“I was diagnosed with relapsing-remitting multiple sclerosis (RRMS) three months before our wedding date and right as my temporary field research position was ending and I was losing my medical insurance. After the doctor gave me the diagnosis, I went to my then-fiancé’s office to tell him the news. I told him I completely understood if he didn’t want to get married, and I wouldn’t judge him for it. He laughed incredulously and gave me a big kiss and said, ‘Let’s get married at city hall tomorrow so you can get on my insurance.’ So the next day we got married in secret and then still had our big wedding a few months later. We’ve been married for seven and a half years and together for 14 (since I was 19 years old). MS has put a wrench in some of our plans, but it has taught us how to be good communicators, how to be supportive and still care for ourselves, how to find the good in every day. I am beyond grateful for this wonderful partner in life, not because he loves me in spite of MS, but because he loves me and I love him.
My advice for any couple, whether or not one or both of them is ill or disabled, is to not take your love and relationship for granted. Long-term commitments require work and honesty and compromise. If you ever feel that you’re not communicating properly or not getting your needs met, don’t let it slide and hope it gets better. Address the situation and put the work in to remedy it. Couples therapy is not a dirty word. Just like your car needs an oil change and tire rotation, your relationship will need maintenance as well.” — Laura Jones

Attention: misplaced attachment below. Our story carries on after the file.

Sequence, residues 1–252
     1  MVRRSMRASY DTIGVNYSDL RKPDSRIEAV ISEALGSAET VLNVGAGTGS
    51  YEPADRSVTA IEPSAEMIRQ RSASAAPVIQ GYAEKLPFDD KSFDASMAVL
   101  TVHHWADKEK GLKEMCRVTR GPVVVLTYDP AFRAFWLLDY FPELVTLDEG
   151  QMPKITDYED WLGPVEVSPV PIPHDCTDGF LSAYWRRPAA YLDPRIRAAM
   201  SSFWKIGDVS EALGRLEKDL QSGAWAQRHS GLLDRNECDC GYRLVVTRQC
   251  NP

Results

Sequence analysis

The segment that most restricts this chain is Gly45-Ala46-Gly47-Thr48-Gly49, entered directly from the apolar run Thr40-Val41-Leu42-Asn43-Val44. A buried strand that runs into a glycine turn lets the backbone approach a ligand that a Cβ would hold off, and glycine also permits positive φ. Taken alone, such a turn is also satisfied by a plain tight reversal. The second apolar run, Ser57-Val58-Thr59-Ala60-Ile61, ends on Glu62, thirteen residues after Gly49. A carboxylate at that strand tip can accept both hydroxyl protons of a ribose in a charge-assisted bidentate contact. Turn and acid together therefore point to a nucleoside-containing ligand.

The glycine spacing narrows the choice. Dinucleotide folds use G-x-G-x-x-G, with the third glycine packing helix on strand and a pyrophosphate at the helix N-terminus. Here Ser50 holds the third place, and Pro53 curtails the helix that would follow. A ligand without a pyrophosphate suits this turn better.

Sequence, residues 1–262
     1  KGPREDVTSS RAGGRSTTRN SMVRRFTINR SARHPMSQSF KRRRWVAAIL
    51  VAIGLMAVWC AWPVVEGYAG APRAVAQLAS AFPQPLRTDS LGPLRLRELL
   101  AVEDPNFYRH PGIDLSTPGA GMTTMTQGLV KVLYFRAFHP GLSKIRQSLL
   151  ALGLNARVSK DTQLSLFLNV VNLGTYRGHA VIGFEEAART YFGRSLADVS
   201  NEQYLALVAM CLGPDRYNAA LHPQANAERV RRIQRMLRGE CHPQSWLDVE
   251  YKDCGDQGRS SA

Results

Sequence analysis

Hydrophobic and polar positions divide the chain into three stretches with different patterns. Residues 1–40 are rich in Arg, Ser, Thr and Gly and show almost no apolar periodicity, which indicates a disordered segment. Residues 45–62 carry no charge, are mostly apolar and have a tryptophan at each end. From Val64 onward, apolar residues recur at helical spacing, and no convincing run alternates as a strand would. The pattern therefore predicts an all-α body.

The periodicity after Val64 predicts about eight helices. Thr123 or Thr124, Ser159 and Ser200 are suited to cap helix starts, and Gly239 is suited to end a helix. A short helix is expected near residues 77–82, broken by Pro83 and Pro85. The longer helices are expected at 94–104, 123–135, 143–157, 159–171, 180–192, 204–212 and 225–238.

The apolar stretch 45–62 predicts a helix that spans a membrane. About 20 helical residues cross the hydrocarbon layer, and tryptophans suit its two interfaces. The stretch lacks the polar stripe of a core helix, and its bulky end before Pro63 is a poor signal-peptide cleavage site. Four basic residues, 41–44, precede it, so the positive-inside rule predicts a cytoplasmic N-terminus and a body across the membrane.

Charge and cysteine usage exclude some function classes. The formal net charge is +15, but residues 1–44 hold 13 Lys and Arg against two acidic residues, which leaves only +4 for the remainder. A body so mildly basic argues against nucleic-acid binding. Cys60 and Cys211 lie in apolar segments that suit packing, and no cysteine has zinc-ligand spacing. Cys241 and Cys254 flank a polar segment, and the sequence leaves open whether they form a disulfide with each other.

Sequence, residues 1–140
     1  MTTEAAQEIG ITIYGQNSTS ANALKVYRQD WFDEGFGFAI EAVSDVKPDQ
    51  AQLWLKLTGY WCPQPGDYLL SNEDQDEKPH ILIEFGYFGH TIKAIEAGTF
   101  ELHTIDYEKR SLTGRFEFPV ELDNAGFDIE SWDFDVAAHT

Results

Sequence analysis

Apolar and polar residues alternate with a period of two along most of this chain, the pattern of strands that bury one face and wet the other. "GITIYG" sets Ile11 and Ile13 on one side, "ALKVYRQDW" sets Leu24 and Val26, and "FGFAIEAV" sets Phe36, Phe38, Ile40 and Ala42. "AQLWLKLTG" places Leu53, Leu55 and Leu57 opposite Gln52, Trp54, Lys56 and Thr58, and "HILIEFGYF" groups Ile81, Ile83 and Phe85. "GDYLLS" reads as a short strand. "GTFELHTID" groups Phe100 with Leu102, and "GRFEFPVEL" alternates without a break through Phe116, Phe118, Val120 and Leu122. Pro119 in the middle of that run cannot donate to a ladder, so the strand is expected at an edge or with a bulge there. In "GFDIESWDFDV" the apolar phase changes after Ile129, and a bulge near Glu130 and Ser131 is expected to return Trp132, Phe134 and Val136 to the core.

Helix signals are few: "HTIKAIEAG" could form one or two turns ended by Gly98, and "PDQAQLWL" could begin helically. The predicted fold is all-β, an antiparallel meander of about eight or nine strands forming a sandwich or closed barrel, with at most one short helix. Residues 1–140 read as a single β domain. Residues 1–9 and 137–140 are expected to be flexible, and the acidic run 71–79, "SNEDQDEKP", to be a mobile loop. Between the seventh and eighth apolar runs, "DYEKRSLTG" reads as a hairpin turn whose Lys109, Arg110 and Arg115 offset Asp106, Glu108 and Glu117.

9. Love Is a Gift
“I have invested my life in the search for love and that gift was given to me 18 years ago when I met Denis. He quit his job and has been taking care of me. He does all the things I can’t do anymore. He feeds me, bathes me, dresses me, grooms me and I’m very well taken care of.
My family is very understanding and supportive of my health condition. I still have a few very close friends. I also have the conviction that in the moment of truth, when it will be time to say goodbye, there will be living angels holding my hand, giving me the peace I need to depart happily. Meanwhile, I live and keep on fighting.” –Felix Garmendia
10. Your disability or illness doesn’t have to define your relationship.
“My husband, Thanh, and I got married before I ever got sick. We’d been married for over a year when I first got MS symptoms, and almost two years by the time I got diagnosed in January of 2017. We’ve been together since 2009. We met working together when I was 17 and he was 19. I don’t think it’s much different since my diagnosis — all couples have their issues, and MS is just something that we work through together just like anything else. My advice would be to be patient and kind to one another, and to do your research! Also, always talk about what’s bothering you, illness related or otherwise. Communication is even more important when an illness is involved. Other than that, my only advice is to not let an illness or disability come between you! A person isn’t defined by an illness and a relationship shouldn’t be, either.” — Christine Yvonne Hoan